Binary Mixtures

In the frame work of the DFG-Project BL555-3, we investigate the special properties of binary mixtures in complex plasmas. So far, complex plasma studies concentrated on monodisperse micro-particles which turned out to be an excellent model system for strong coupling. Systems with two different particle species (i.e. with different charge) are called binary mixtures. In complex plasmas all experiments so far show that the two particle species instantaneously demix. Our recent experiments however show that it is possible to create binary mixtures. This opens unique opportunities to study structural and dynamical phenomena in strongly coupled systems. Normal modes, waves, phase transitions, transport processes and heat conduction are just a few examples which can be addressed for the first time in binary mixture experiments. Therefore, this project aims at a systematic characterization of the structural and dynamical properties of binary mixtures in complex plasmas.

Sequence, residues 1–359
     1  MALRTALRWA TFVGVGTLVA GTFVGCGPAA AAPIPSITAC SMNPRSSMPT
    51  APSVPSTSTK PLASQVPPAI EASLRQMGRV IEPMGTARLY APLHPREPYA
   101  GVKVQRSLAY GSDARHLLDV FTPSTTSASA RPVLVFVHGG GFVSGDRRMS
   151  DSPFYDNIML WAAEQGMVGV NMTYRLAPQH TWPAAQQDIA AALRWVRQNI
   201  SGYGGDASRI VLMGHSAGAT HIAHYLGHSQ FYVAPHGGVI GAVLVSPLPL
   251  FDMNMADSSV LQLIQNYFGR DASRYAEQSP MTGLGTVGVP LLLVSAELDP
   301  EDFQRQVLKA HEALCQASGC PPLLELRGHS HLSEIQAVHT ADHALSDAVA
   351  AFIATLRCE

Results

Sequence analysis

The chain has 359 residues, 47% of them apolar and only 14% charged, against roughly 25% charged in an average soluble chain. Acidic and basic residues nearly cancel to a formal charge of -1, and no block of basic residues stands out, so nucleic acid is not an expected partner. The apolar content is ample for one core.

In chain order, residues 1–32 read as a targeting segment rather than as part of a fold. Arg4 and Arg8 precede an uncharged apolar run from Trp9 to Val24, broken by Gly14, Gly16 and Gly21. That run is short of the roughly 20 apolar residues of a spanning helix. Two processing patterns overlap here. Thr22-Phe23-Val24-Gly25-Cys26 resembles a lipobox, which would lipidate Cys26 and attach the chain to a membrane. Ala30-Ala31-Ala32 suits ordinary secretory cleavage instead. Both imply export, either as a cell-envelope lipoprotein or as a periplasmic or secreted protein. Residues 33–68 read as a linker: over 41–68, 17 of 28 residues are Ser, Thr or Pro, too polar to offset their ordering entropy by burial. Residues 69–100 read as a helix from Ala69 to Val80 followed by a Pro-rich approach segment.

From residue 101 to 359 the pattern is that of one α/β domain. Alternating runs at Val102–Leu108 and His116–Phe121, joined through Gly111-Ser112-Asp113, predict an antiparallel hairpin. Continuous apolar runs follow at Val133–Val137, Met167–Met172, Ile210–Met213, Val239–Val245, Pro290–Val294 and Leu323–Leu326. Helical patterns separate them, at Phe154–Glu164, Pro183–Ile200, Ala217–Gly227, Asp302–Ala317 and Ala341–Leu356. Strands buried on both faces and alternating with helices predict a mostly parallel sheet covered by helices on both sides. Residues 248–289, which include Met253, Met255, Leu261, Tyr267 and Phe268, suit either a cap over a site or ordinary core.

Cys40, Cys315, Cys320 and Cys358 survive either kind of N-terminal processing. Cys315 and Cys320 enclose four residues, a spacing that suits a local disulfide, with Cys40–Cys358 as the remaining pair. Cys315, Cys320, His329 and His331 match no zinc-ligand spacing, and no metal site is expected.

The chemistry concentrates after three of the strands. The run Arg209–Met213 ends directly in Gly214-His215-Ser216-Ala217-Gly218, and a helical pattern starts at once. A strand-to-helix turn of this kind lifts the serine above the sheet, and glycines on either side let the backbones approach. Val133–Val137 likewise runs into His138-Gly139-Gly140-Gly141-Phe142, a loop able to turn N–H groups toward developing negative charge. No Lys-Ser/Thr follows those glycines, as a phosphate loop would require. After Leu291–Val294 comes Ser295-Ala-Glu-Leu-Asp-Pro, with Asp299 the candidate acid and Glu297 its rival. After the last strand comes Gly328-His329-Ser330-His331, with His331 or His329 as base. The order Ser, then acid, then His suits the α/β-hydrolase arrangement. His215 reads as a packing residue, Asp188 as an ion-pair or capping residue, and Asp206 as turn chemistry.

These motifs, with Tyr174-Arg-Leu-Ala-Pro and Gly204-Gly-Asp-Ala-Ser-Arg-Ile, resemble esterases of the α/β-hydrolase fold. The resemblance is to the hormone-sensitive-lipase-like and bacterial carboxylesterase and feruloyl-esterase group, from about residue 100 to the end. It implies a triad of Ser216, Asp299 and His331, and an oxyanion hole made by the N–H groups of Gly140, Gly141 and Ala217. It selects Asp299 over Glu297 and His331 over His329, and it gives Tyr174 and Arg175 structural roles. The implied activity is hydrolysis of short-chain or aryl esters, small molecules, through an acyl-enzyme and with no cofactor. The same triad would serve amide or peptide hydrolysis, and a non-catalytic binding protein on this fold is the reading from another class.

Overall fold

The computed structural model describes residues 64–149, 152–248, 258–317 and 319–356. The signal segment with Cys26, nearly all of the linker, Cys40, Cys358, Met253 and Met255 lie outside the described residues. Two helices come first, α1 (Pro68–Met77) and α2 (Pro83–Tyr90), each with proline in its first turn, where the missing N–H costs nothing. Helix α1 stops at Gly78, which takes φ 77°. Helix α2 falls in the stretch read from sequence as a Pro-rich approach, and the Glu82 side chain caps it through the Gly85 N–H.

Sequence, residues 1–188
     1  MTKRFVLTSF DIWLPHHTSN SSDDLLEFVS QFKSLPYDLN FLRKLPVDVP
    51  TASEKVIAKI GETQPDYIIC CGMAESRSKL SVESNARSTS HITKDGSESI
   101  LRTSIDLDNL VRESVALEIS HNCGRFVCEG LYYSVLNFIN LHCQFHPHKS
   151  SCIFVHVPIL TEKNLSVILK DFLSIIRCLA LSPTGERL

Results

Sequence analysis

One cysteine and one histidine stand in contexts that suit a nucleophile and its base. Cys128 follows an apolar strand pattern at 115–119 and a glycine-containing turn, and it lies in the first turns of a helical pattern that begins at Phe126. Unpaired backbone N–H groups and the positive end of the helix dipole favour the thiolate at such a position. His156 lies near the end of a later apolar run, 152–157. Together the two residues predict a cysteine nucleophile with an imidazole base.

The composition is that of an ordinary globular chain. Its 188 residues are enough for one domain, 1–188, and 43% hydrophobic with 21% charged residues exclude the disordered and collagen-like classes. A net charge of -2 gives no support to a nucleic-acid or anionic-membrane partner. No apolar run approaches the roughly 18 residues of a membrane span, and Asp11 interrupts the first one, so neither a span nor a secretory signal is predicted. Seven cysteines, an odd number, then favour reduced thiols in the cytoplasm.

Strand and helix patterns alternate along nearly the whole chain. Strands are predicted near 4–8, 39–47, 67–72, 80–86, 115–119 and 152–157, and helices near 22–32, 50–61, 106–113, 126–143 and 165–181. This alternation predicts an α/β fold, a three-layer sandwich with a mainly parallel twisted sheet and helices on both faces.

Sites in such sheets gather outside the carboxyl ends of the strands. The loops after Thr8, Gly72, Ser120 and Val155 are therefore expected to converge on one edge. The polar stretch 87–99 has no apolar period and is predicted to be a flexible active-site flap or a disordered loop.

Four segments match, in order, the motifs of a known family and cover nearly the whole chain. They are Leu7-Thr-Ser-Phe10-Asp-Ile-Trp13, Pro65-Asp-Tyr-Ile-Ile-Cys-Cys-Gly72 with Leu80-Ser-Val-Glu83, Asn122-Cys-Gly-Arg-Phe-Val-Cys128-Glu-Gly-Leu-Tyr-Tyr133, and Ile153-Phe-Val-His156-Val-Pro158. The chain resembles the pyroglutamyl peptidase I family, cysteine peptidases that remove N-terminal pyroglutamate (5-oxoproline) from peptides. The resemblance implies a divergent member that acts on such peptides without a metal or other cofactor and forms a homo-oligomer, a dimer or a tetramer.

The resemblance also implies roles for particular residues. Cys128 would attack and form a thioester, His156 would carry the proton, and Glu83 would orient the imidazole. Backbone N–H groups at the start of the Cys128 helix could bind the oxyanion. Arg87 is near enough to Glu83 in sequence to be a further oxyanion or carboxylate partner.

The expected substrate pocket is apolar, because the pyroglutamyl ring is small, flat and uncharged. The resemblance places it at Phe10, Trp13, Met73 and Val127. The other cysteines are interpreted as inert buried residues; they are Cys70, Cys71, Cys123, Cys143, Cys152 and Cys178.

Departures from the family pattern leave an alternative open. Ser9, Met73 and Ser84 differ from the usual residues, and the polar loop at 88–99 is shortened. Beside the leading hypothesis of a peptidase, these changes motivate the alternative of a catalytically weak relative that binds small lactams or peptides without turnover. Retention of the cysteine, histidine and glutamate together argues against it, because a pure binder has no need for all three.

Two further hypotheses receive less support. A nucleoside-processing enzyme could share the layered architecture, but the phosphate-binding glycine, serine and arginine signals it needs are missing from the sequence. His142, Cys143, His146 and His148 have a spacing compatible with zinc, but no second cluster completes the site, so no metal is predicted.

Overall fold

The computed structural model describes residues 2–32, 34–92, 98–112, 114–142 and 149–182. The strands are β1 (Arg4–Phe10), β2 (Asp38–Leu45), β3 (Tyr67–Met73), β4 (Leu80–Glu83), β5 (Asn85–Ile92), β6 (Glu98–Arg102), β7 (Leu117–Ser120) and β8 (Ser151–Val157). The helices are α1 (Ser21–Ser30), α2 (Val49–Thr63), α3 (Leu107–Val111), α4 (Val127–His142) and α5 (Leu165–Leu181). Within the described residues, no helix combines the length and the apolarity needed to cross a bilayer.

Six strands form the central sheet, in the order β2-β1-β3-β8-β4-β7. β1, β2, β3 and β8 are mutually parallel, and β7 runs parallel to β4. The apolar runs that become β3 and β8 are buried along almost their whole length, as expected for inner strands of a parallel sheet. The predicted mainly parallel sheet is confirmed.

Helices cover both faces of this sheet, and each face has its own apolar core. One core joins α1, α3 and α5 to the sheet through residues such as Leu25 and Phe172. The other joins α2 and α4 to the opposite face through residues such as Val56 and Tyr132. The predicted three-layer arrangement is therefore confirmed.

• Frank Wieben and Dietmar Block, Photophoretic force measurement on microparticles in binary complex plasmas, Physics of Plasmas 25, 123705 (2018); https://doi.org/10.1063/1.5078561

  • Frank Wieben, Jan Schablinski, and Dietmar Block, Generation of two-dimensional binary mixtures in complex plasmas, Physics of Plasmas 24, 033707 (2017); https://doi.org/10.1063/1.4977989


Bild vom Lasersystem und der Plasmakammer

Recently, we managed to explore basic thermodynamic properties of complex plasmas and especially binary mixtures. In the Dezember 2019 issue of PRL (https://doi.org/10.1103/) we reported on successful direct measurements of entropy and its change during heating and cooling. Although entropy is one of the most fundamental quantities in thermodynamics, its direct measurement is impossible in most systems. Using two-dimensional plasma crystals, a sophisticated laser heating mechanism to heat these crystals without melting and high precision particle tracking to measure the full phase space allowed to study the change of entropy in a heating and cooling experiment. It turned out that these systems strictly follow the laws of thermodynamics even if mixtures of different particles are used. The results show on the one hand side that complex plasmas are a model system for strongly coupled systems even with respect to thermodynamic properties and on the other hand side that fundamental studies of systems with non-Maxwellian distributions should be feasible.